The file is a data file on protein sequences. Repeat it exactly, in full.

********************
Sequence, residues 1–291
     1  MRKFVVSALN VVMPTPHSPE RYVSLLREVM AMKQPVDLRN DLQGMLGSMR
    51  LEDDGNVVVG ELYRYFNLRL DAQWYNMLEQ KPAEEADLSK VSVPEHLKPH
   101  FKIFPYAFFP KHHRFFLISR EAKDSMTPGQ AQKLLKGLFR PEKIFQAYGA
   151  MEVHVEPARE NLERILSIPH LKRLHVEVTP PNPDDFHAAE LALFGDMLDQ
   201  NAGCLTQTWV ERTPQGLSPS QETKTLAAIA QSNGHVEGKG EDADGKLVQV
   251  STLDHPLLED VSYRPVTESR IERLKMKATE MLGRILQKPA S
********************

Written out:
Sequence, residues 1–291
     1  MRKFVVSALN VVMPTPHSPE RYVSLLREVM AMKQPVDLRN DLQGMLGSMR
    51  LEDDGNVVVG ELYRYFNLRL DAQWYNMLEQ KPAEEADLSK VSVPEHLKPH
   101  FKIFPYAFFP KHHRFFLISR EAKDSMTPGQ AQKLLKGLFR PEKIFQAYGA
   151  MEVHVEPARE NLERILSIPH LKRLHVEVTP PNPDDFHAAE LALFGDMLDQ
   201  NAGCLTQTWV ERTPQGLSPS QETKTLAAIA QSNGHVEGKG EDADGKLVQV
   251  STLDHPLLED VSYRPVTESR IERLKMKATE MLGRILQKPA S